What are the advantages and disadvantages of having more than one executor?
During the estate planning process, some individuals choose to name more than one executor to ensure their final wishes and distribution of their assets are satisfied.
The usual reason for designating co-executors is to spare the feelings of other offspring. If an individual has two children, for example, naming only one the executor of the estate might be perceived as favoritism or preference.
While the thought of naming co-executors might seem like a great idea at the time your Will is created, most estate lawyers know that this action can create confusion and even disharmony among the survivors.
So, does having multiple or co-executors ever make sense?
Situations When More than One Executor Might Work
In some instances, two heads can be better than one. Here are some examples:
- Having co-executors might help to guard against faulty, hasty, or dishonest decisions. Sometimes, other heirs might even prefer to have multiple executors.
- Co-executors may work when each has different skill sets. For example, if one individual has extensive financial experience or knowledge while the other has skills relative to other assets, they may work in unison to ensure the best decisions are made.
- When a surviving spouse is elderly or disabled, naming a competent co-executor can make sense to ensure the wishes of the deceased are honored, and the Will is properly executed.
- If the assets of a business partnership are to be divided, a business partner or designated attorney may be named co-executor to ensure the remaining business partners’ concerns are adequately addressed.
What are the Disadvantages of Having Co-Executors?
Co-executors must work in complete harmony with every decision, document, or transaction. Sometimes this can become a stumbling block as co-executors may disagree on the interpretation of some aspects of the Will.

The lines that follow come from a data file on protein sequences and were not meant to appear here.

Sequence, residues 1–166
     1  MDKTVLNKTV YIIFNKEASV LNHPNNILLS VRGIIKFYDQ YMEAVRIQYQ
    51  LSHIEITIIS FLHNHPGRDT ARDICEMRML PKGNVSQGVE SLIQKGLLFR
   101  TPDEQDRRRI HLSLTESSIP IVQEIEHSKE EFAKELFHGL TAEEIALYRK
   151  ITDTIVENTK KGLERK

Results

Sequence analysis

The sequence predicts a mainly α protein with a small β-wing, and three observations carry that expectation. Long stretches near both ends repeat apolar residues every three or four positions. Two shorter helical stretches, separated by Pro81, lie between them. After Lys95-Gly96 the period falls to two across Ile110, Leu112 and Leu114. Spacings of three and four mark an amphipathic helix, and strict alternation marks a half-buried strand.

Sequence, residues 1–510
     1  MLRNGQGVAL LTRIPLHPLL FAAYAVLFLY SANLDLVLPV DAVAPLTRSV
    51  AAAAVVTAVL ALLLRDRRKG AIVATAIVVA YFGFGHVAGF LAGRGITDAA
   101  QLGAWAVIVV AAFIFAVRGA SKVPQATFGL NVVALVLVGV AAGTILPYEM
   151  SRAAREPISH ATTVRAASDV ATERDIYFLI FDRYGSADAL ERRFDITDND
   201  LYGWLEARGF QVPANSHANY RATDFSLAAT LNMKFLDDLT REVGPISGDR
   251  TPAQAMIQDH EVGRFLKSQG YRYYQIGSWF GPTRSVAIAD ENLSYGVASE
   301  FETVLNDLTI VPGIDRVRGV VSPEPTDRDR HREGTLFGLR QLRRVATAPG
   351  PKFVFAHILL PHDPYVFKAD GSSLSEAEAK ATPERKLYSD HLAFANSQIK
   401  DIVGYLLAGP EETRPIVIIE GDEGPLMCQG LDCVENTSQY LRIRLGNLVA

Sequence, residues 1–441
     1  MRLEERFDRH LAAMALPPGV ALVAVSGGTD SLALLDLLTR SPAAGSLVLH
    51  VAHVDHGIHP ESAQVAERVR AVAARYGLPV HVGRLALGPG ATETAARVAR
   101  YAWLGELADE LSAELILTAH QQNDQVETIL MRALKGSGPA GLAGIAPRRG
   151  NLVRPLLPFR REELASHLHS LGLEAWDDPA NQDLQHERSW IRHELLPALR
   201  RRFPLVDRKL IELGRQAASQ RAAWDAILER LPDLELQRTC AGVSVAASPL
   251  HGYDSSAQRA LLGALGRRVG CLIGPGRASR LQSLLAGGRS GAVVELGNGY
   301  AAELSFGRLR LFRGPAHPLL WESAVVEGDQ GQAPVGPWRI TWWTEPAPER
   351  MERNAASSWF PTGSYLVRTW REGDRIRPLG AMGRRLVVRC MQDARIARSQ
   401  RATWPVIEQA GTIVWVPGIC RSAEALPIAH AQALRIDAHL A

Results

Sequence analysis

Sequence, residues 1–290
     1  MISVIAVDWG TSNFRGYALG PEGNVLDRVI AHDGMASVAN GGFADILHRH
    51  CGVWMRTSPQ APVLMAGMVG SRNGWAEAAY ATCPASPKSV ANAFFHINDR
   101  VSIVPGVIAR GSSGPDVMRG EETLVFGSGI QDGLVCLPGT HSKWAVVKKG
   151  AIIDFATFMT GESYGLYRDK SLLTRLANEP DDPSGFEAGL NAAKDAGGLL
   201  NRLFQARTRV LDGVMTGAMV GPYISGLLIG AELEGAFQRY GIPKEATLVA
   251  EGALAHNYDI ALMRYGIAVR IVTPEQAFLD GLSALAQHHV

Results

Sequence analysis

Co-executor situations can be problematic. The reasons are:
- Disagreements arise that may only be settled in court.
- The process is very inefficient, especially if co-executors live in different states.
- The testator’s Will must be admitted to probate in unison.
- All executors must co-sign each check.
- Co-executors must sign and file all tax returns together.
- Co-executors are required to sign all real estate transactions, property deeds, and asset transfers together.
Finally, each executor is legally responsible for the other’s actions. While this can be deemed either a negative or a positive for having multiple executors, the overall process can quickly derail and become mired in liability and legal issues.
Other Solutions: Alternate Executors
Instead of trying to avoid slighting anyone, the testator might consider designating a primary executor and naming the other offspring as successive alternate executors. An alternate would take the position of primary executor if the original is unable or has preceded the testator in death.
In this instance, the parent may name multiple alternate executors, perhaps based on age, geographic proximity, or the individual’s desire or ability to perform the function. By doing so, all offspring will at least be recognized in the Will, and the ruffling of feathers and egos will be minimized.
Health and General POA
A Health Power of Attorney should designate only one individual at a time to make important health decisions while the person is living. This person may or may not be the primary executor of your Will.
Similarly, individuals may designate a General Power of Attorney to manage financial and other affairs while the individual is living but incapacitated.
Contact Nicholas A. Giuditta, Estate Planning Attorney in Westfield NJ
Creating your estate plan, naming executors, bestowing powers of attorney, and creating your Will are important considerations. An experienced, reputable estate attorney can help you to plan forward and answer questions concerning the distribution of your assets.
With a well-developed personal Will that addresses every possible issue, you can ensure fairness and, hopefully, continued harmony among family members after your death.
The Law Office of Nicholas A. Giuditta III will meet with you for an initial consultation to discuss your elder estate matters. Having three decades of experience as an Elder Law Attorney in New Jersey, Mr. Giuditta and staff provide sound advice and necessary preparation to ensure your final wishes will be met.
Located in Westfield, New Jersey, the Nicholas A. Giuditta Law Office is prepared to discuss your needs and help you develop a strategy that will give you peace of mind throughout your remaining years.
Contact us for your Initial Consultation at 1-908-232-0099.